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Bricks and Mortar

Dr Bill of Lafarge Tarmac talks recovery

It seems ages since we had a buoyant housing market, but the latest forecasts indicate that we could see growth in private housing. If this actually does come to pass, both the big national house-builders and the smaller individual builders could be expected to profit (not before time you might say!).

Builders Merchants, of course, are key suppliers to both these groups and will undoubtedly rise to the challenge of any increased demand. Bricks and mortar will obviously be materials much sought after.

The traditional image of houses in Britain is that of brick built walls and a slate or tile roof. Indeed the type of brick used and the pattern of masonry has long been the defining character of different geographical areas. Think of the checkerboard brickwork of the Chilterns, or the yellow Flettons (now mostly grey and discoloured) of London. This type of construction has successfully stood the test of time and remains popular. In the past, lime based mortar was common, although this has largely been superseded by cement based mortar.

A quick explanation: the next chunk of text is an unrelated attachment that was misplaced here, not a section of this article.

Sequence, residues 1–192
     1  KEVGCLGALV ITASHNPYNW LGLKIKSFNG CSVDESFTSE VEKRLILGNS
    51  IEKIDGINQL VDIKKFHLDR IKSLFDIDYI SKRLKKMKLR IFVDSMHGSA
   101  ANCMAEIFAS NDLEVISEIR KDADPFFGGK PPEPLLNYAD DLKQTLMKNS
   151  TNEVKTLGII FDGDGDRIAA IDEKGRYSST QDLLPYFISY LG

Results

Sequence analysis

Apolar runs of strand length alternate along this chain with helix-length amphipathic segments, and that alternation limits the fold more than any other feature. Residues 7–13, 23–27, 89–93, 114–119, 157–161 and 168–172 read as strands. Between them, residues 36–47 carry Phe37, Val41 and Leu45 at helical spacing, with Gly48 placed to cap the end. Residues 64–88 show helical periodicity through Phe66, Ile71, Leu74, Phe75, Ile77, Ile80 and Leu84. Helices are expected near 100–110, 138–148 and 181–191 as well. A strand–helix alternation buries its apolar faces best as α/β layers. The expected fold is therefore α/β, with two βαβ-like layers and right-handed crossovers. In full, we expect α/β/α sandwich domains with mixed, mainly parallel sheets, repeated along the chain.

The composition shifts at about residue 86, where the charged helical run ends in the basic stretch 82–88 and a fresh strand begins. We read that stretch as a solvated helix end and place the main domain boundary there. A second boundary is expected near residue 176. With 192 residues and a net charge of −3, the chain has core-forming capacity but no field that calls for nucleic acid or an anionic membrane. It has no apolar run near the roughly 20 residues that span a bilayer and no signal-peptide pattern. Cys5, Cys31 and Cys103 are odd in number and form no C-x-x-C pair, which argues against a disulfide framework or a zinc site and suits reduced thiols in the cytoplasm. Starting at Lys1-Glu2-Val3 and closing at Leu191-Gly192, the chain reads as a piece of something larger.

A wide range of cements suitable for masonry mortar are produced by the UK cement industry and these are available in a range of bag sizes for use in site-mixed mortar. Bulk cement is supplied to the dry silo mortar manufacturers for use on the larger sites and cements with less embodied carbon dioxide are common, helping to build ‘greener’ homes.

Recent changes to Building Regulations, highlight the need for better insulation in homes and support is available to householders wishing to improve the energy efficiency of their property. This would suggest that insulation products would also be an important product line going forwards.

Let’s hope that the clever chaps making these predictions have got it right and that housing begins to take off again.

About Guest Blogger - Bill Price

Bill Price is National Commercial Technical Manager at Tarmac’s Cement business

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